Sometimes dogs will continuously dig in one spot because of a particular smell that may be there due to something buried or the proximity to an animal’s home. Filling the hole with rocks or placing some of the dog’s own feces in there can sometimes break the habit.

Large areas can be covered with chicken wire until the dog becomes disinterested. If the dog immediately finds a new place in the garden to dig, then there’s probably another cause.

Why chicken wire??

Chicken wire is very tough and can be used as a form of protection over large areas. It also has enough give to allow air with the larger holes, while still being difficult for a dog to dig through it.

The wire will eventually rust if left in the elements without painting or other protective measures but this might not happen so quickly depending on how often the wire is used.

In large areas, chicken wire can serve as a deterrent to digging dogs as it is still being difficult for dogs to dig through it. If your dog immediately finds another place in the garden or yard to dig then there’s probably another cause.

Stopping Dogs Uprooting Newly Established Plants

The freshly turned earth around newly established plants often provides irresistible smells to natural diggers. Often they have watched the owner digging the ground up in that spot and are eager to have a go as well.

The only way to prevent these dogs from uprooting new plants is to keep them away by either separating them from the garden for a few days or fencing off the freshly dug area with plastic or wire mesh until the area has settled.

Again, chicken wire can be your friend as fencing.

Stop Your Dog From Digging Along Fences

Dogs usually dig along fence lines for one of two reasons. They either want to clear the area so they can patrol the boundary for territorial reasons, or they are looking for means of escape.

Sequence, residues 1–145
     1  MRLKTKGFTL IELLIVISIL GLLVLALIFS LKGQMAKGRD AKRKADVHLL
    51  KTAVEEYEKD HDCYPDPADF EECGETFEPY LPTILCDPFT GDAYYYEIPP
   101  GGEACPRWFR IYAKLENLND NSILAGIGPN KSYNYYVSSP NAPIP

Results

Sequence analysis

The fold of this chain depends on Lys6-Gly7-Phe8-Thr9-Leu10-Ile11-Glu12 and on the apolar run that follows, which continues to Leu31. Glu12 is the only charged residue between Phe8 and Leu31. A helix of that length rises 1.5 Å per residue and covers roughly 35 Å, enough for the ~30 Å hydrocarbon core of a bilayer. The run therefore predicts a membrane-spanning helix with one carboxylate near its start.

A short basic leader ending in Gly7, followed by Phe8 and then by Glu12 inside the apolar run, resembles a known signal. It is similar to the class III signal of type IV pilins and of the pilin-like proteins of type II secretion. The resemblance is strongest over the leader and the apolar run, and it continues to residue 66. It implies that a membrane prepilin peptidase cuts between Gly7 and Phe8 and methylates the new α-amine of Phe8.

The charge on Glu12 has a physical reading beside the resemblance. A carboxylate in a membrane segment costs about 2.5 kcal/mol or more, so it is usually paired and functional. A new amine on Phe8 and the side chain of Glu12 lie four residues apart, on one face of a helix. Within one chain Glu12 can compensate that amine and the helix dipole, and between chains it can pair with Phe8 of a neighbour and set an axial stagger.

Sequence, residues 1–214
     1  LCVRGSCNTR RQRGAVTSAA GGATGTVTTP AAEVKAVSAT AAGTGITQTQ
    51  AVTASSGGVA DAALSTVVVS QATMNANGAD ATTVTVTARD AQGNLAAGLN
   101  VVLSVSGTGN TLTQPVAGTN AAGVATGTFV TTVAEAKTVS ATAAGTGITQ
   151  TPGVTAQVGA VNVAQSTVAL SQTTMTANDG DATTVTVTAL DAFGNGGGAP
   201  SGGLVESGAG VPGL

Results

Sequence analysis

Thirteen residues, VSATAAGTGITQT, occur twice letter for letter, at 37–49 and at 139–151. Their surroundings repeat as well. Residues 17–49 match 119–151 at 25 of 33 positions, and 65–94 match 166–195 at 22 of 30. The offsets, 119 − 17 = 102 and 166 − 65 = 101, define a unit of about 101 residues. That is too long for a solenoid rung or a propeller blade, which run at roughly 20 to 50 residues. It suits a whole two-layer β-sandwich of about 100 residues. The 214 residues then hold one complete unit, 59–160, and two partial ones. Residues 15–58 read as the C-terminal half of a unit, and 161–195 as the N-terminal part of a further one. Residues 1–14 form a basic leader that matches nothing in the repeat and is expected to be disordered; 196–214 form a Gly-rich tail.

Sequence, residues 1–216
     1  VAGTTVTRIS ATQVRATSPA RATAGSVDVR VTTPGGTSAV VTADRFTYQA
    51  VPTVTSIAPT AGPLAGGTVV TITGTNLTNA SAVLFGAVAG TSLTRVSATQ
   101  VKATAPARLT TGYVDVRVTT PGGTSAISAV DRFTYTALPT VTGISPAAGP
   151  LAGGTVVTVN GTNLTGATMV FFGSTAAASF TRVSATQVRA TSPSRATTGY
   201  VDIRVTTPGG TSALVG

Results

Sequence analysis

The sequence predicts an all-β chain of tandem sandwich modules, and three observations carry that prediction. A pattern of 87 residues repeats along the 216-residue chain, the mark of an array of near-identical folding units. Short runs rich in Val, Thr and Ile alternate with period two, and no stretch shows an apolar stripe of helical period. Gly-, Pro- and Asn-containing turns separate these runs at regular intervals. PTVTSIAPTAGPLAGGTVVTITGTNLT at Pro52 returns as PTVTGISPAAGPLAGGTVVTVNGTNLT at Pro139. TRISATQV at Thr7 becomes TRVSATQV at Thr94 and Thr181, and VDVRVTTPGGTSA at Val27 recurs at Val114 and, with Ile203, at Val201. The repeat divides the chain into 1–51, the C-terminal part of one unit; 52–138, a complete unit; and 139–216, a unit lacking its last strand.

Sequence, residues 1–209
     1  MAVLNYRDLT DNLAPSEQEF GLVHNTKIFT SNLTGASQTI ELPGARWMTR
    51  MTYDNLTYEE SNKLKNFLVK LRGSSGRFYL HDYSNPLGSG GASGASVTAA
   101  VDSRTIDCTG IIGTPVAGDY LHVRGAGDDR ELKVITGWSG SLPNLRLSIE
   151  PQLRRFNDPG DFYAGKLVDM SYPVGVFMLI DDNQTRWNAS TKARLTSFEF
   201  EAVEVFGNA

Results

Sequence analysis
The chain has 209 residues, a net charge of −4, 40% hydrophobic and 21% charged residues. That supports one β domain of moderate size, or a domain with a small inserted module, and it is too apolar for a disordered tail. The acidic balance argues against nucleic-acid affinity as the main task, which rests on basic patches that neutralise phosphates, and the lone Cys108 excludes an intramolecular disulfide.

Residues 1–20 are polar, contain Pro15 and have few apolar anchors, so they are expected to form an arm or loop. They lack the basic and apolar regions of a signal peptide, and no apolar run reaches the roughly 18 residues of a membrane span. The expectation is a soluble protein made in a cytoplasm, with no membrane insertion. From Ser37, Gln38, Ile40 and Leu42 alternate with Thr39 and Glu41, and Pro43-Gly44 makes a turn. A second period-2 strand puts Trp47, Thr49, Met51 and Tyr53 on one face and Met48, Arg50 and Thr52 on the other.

Dogs that like to patrol the fence line can be accommodated by placing a path between the garden bed and the fence. Specially made ‘Pet Peek’ windows can be useful by helping them see through to the other side.

Dogs who dig under the fence to escape do so for a variety of reasons. Unneutered dogs may be trying to get out to find a partner, so de-sexing is the obvious solution.

Anxiety and the desire to be reunited with their owner is also common, and the advice of a dog behavioral specialist should be sought.

Some dogs dig along fences to get at things on the other side. They might be digging for a scent or because they are in full hunting mode, following their prey’s tracks.

If a dog digs in the garden because they are hunting, it is important to look at what has attracted them. It could be a prey scent or just an interesting smell that needs investigating. If there’s food on the other side of the fence, then this is likely why your dog isn’t getting enough exercise and their boredom leads them to patrol the perimeter of the garden. That’s when they find an opening and start digging their way in to get at that food.

Remember to be patient and positive and never punish a dog for digging as it is ineffective and will only compound anxiety that may be the root of the problem. With regular walks, plenty of love, and some of the practical suggestions listed above, a compromise can usually be sought between the landscaper and their “assistant.”